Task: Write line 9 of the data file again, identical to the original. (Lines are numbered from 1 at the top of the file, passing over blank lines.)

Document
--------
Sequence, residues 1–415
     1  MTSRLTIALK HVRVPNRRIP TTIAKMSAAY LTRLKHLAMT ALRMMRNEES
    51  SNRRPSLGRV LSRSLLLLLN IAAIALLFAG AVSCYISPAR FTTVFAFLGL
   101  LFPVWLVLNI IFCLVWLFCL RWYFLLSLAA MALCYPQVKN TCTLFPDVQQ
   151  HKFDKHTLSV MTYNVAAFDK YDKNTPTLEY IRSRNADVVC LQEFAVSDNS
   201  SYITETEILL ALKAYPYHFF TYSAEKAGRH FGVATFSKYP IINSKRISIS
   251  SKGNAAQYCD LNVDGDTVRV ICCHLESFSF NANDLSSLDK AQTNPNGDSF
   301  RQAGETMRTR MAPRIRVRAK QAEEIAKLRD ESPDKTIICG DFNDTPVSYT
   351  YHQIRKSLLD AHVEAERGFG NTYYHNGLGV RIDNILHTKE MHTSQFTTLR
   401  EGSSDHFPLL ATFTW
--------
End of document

   351  YHQIRKSLLD AHVEAERGFG NTYYHNGLGV RIDNILHTKE MHTSQFTTLR